If the bicyclist loses, he will have to pay the fine and the court costs. Plus the officer is now more certain of an incorrect interpretation of the law. So, he faces the continued choice of risking additional tickets or relinquishing his right to drive defensively.
- Hiring an attorney offers the highest likelihood of success, but it is the most costly. The lawyer must be paid regardless of whether the bicyclist wins or loses. Lawyers cost considerably more than $64. Even winning will not keep the bicyclist from receiving another ticket by another uninformed officer in another jurisdiction (or even in the same one).
What makes this situation even more unfair is that there are no repercussions for the officer. If the citation is upheld, the officer is vindicated and the bicyclist pays the fine plus his legal fees, court costs and whatever costs were associated with the time involved to go to court. If the citation is dismissed, the bicyclist still pays his lawyer and whatever costs were associated with the time involved to go to court. The officer pays nothing. She even gets paid for being there. In many cases, the officer fails to show up in court. When this happens, the citation is dismissed, but the bicyclist still pays whatever costs were associated with going to court. If he’s hired an attorney to increase his chances of victory, he will still have to pay the attorney.
In every scenario, the bicyclist suffers some loss, even though he was operating lawfully! The more he invests in defeating the citation, the more he loses, even if he wins. To add insult, he was probably operating that way because he took the time to educate himself about the law and safe cycling practices. In other words: he’s a conscientious citizen.
That’s not how the system is supposed to work. It certainly doesn’t work that way for conscientious motor vehicle drivers. A conscientious motor vehicle driver has a near-zero risk of having to defend himself against an unwarranted citation.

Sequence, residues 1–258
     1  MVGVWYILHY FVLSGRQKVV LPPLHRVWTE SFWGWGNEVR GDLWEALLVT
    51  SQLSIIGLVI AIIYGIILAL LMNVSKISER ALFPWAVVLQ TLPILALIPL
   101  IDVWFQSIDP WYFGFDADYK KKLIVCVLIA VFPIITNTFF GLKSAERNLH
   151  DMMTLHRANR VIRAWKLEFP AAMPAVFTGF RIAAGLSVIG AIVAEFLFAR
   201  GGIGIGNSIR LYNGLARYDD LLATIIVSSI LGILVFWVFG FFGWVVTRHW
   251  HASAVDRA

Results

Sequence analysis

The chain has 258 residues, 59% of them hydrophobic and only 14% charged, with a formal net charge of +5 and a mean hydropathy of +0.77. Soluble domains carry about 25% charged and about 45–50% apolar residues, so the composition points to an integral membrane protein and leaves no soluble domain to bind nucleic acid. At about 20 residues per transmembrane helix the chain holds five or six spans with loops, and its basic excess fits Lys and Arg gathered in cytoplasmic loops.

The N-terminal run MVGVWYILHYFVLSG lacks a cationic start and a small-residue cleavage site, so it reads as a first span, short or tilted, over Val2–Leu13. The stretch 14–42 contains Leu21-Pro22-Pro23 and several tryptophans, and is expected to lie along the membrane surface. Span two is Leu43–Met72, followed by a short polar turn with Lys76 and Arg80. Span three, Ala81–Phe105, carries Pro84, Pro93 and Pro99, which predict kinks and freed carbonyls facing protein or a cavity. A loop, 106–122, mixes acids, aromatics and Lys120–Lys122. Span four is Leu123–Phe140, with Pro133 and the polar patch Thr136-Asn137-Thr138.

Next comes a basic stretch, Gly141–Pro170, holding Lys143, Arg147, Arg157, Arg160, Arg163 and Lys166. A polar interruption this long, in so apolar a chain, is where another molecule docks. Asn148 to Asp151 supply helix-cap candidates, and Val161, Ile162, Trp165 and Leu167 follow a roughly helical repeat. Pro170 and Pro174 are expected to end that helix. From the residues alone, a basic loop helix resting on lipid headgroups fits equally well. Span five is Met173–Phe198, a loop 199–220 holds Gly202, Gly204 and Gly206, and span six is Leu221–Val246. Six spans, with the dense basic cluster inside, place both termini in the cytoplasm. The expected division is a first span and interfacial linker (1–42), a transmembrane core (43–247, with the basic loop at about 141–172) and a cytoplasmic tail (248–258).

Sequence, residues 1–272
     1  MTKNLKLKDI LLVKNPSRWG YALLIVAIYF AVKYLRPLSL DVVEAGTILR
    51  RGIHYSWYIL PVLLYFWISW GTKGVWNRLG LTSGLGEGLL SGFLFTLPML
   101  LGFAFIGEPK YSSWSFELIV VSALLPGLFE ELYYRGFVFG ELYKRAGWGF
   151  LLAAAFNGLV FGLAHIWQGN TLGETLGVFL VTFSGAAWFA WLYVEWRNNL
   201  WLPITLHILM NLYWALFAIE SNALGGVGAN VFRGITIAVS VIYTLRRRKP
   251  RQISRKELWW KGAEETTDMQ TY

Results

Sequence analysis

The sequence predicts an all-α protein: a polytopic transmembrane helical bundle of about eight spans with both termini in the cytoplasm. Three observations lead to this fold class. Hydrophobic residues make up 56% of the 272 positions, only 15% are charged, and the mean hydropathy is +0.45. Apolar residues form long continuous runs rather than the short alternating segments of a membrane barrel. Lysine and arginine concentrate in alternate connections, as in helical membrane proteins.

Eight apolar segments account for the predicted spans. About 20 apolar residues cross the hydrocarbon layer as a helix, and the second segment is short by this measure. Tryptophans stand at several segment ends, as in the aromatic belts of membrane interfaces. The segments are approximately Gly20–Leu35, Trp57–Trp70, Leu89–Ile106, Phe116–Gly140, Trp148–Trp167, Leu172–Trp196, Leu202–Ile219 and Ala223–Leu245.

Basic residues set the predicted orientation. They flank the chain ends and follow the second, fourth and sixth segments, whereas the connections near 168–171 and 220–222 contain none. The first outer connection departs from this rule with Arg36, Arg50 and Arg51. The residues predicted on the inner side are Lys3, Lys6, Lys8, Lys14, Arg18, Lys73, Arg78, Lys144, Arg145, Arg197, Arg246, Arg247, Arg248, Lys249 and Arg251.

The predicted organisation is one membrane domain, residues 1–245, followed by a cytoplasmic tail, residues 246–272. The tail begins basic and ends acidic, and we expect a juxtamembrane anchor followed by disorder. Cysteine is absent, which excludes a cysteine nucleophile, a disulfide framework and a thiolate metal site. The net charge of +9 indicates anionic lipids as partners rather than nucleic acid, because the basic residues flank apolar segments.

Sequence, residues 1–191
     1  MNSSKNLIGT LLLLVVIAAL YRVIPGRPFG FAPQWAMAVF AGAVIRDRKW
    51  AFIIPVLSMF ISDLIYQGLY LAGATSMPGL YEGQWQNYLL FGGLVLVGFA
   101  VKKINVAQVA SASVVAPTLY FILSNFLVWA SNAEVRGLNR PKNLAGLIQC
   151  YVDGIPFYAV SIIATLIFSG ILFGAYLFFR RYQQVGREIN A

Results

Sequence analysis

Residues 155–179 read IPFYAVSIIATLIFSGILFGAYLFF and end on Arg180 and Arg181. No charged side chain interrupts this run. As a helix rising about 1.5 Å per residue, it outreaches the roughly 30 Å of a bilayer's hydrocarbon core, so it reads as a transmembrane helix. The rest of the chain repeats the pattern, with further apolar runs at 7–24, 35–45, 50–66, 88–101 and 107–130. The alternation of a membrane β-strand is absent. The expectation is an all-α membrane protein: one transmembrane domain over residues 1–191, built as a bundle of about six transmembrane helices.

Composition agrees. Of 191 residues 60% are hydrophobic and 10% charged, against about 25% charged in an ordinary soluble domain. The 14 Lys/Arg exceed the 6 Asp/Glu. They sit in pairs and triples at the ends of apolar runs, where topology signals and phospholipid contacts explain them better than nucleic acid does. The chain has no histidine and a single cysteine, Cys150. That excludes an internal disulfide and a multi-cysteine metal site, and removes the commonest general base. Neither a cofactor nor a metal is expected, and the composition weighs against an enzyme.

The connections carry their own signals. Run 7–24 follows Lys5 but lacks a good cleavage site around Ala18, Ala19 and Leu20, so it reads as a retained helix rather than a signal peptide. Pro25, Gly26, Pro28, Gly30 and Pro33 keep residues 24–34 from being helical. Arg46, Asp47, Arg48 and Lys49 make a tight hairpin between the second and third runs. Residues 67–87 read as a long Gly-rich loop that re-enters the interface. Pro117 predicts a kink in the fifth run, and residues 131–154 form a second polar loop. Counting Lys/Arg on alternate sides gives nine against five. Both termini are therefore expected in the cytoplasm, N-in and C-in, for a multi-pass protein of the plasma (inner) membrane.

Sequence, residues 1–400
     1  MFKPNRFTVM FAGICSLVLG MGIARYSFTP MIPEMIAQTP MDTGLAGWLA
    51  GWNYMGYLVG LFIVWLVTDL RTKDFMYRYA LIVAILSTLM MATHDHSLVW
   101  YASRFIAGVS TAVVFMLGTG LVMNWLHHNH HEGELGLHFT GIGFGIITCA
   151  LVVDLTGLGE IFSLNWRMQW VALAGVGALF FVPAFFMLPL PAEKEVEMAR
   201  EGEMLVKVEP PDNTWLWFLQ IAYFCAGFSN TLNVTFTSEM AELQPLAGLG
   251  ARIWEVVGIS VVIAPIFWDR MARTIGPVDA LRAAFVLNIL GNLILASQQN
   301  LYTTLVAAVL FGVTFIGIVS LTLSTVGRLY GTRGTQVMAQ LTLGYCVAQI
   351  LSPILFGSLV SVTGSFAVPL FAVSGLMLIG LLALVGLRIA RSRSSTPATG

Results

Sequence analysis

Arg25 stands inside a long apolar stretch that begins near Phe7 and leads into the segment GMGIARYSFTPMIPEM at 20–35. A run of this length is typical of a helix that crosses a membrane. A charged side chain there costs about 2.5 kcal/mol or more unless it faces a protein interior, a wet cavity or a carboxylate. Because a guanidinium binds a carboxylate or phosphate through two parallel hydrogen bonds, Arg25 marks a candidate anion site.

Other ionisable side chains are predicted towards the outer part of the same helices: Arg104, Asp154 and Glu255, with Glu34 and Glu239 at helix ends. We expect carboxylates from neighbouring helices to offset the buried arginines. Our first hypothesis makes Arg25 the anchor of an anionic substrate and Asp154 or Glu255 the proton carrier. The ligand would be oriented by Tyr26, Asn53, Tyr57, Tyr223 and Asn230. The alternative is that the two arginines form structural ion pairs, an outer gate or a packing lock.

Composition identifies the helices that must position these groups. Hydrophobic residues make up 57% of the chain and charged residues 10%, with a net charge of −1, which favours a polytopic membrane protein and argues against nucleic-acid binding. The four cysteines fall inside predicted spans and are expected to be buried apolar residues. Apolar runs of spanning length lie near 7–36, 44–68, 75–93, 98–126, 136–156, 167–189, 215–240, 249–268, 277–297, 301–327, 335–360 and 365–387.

This is oppressive.
The lowest cost option is to pay the fine even though the bicyclist has broken no laws. The system allows law enforcement officers to operate on assumptions and common misconceptions with impunity, inflicting costs on civilians. The lack of accountability for the officer provides an opportunity for abuse as a harassment tool against bicyclists. Officers can simply write unwarranted citations, then fail to go to court if they are challenged. In this way they can inflict a defacto penalty even when they know it is not legitimate. Yes, this happens.
Those who are able to choose another mode of transportation can opt out of this oppression. Those who cannot are left with bad options, and at the mercy of a biased system.
We need equity and a safety net.
For years, we have worked to create publications and videos to train law enforcement on the needs of bicyclists. We have tirelessly explained the reasons bicyclists may lawfully control the lane. We have tried to help them understand that bicyclists should not be second-guessed for choosing a position which improves their vantage and visibility, thus reducing their risk of being hit. But that strategy is doomed to failure as long as 316.2065(5) exists. There is no way to rid the system of bias and misinterpretation when the law itself is designed to be interpreted against the bicyclist’s interests.